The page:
IUI Survival Guide

I don’t want to brag, but I consider myself a bit of an old pro at intrauterine insemination (IUI), so I thought I would blog about some tips and tricks that I learned over the past six months of treatment. If you’re new to my blog, I’ll start by telling you that IUI didn’t work for me — but it does work for many people and I think there are a lot of good reasons to start with a low tech option like IUI before you move on to IVF.

It really is low-tech
IUI is MUCH less invasive. The procedure is outpatient and seriously over in about five minutes (15 minutes if you count the 10 minutes that ask you to stay laying down after the procedure.) Seriously. The first one I had, I was shocked by how quick it was. I’m pretty sure I said, “Really, that’s it?” They literally shoot the washed sperm through a small catheter and into your uterus. You lay down for a few minutes, and then you’re done!

It is cost effective, compared to other options
Depending on the cost of your medication, IUI can be very affordable. Compared to IVF, which can cost $10K+, IUI only costs around $300-$700 plus the cost of your medication. Medication could bump it up a lot though, depending on what you’re taking and what your insurance covers. Generally, if you’re starting with a less aggressive approach, medications like Clomid and Femara are very cheap. Once you get into injectables, the price increases drastically. Your insurance may cover IUI, even if they don’t cover IVF.

It may hurt a little bit
I went into my first IUI thinking it would be smooth sailing, so I was surprised to feel some brief pain when they inserted the catheter. It was nothing major, but since I would told it was a painless procedure, it did catch me off guard. One more fun experience to add to the poking and prodding!

You can still try on your own
I liked that we could still try to conceive on our own during an IUI cycle. We were able to try up until the night before the IUI, when they asked us to abstain to build up hubby’s supply. We were also encouraged to have sex the night of the IUI. You probably won’t be in the mood and a little sore, but it is worth it if it ups your chance of success. *Every situation is different, so always take the advice of your doctor when it comes to timing sex.

Your doctor has less control
I always thought that most multiples resulted from IVF, but it turns out many twins and higher order multiples come from IUI because your doctor has much less control. IVF has improved to the point where single embryo transfers are frequently recommended, greatly reducing the number of resulting twin pregnancies. With IUI, the goal is usually to have 2-3 mature follicles, so you’re always at risk of multiples. It can be a cruel game of hoping it works, but doesn’t work TOO well.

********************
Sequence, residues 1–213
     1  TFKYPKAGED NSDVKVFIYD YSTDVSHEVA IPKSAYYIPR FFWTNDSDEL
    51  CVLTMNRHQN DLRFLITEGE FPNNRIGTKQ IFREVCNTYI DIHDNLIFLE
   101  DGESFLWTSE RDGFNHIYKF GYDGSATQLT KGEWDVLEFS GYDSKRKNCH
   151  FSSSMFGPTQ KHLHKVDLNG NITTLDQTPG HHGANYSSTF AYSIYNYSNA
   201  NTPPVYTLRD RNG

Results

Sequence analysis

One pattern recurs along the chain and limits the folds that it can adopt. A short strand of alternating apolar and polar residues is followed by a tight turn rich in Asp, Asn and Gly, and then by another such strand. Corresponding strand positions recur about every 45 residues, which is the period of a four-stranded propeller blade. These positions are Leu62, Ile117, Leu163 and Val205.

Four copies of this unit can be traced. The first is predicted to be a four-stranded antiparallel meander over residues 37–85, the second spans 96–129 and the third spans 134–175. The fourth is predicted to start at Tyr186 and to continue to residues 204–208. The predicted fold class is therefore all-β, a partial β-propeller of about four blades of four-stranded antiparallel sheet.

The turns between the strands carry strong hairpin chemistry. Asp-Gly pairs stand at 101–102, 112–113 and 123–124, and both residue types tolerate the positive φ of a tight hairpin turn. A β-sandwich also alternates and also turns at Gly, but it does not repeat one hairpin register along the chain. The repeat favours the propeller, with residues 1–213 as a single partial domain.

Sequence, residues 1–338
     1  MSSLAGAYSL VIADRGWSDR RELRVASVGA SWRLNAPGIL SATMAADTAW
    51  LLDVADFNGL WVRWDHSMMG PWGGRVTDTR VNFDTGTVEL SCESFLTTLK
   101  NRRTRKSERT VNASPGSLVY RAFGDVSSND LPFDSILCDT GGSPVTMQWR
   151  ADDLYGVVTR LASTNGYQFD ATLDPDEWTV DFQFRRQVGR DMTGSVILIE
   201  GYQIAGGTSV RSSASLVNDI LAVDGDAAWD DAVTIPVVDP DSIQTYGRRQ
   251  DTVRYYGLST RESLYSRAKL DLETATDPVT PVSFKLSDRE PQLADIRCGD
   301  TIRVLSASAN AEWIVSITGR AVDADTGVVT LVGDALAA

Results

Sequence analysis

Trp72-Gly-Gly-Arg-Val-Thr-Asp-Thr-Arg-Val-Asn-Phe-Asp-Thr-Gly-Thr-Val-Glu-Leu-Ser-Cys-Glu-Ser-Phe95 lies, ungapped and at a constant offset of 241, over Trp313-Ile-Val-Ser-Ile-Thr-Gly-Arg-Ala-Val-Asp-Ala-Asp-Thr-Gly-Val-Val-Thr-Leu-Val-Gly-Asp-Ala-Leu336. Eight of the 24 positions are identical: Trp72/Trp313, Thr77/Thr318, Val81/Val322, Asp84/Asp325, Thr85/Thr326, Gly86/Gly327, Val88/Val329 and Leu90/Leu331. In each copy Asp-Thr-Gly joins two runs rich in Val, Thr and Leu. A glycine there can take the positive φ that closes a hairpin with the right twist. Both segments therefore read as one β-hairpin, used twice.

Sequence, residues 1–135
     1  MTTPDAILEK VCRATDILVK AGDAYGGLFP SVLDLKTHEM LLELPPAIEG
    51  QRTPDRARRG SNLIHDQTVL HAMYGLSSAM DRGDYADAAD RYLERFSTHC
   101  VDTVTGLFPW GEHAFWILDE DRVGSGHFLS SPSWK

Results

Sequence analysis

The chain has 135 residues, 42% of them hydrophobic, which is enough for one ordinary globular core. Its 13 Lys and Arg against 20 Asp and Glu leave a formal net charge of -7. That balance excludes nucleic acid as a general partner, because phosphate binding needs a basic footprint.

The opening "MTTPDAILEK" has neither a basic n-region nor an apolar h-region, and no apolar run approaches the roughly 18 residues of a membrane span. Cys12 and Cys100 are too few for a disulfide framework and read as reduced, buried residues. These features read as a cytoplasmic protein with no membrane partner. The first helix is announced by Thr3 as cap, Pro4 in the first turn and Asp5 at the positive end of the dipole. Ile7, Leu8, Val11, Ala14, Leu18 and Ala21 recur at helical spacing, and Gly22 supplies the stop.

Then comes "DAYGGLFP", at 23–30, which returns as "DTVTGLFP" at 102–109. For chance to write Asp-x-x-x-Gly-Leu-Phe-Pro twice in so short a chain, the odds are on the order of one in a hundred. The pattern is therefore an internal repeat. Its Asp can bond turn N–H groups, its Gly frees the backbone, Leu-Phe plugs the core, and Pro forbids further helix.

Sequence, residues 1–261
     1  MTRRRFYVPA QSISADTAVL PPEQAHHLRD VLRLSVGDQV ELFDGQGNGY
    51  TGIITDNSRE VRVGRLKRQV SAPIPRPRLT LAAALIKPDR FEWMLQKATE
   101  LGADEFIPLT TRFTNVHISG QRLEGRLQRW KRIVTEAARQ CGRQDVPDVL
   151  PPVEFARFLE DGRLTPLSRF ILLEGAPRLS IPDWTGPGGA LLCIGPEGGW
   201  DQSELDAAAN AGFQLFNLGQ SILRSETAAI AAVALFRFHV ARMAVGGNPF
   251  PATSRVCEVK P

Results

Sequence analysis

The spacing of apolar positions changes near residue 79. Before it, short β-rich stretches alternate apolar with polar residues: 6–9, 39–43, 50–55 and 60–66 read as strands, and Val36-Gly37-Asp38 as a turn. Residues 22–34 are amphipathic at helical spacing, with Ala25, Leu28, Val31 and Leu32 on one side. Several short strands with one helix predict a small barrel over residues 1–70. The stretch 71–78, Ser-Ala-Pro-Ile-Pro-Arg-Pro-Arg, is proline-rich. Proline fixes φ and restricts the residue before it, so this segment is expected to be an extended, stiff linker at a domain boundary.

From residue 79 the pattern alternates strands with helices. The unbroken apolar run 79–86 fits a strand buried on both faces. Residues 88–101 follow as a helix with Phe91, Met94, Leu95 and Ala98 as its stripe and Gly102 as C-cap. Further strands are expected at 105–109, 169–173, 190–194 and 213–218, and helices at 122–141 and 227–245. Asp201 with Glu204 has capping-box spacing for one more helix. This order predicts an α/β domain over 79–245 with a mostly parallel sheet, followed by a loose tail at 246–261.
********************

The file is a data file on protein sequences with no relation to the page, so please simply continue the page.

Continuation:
Get ready to leak
After IUI, you’ll most likely be put on progesterone suppositories to make sure you have enough progesterone to support a pregnancy. These little jelly bean-like pills are inserted right into your vagina and then slowly dissolve throughout the day. Pantyliners will be your new best friends.

Your chances are improved, but not that much
I was surprised to find out that based on our diagnosis and ages, with IUI our chances of pregnancy were about 16%. While that is better than the 1-2% that our doctor told us we were looking at after trying to conceive for 1.5 years on our own, we were still a little disappointed that the chances weren’t higher. With IVF, the chances are much higher, but so is the cost, time commitment, and physical toll.

It’s a time commitment
Because each cycle has no more than a 20% chance of working, my doctor recommended doing 3-4 IUIs before we moved on to IVF. I became discouraged after the first two because I was so ready for something to work, but ultimately was glad we ended up doing 4 IUIs (plus a cycle where I took meds but over-responded). I felt like I had fully exhausted that option and was ready to move on.


11 thoughts on “IUI Survival Guide

  1. Those are great tips for anyone just starting IUI’s! I, like you, am an old pro at this point. My cervix opening is minuscule though so IUI’s are always pretty painful and take longer than a normal IUI would.

    • Hope the tips help a little! I didn’t have any pain during my HSG (very lucky!) so for me the IUI pain was worse, but I think I’m definitely in the minority. It was like a quick scratch or pinch near the cervix – nothing major, but just surprised me the first time. Best wishes with your IUI!

    • Good luck! IUIs are great because it is such a quick and easy procedure. The hard part is definitely the meds and of course the waiting. Thinking of you!

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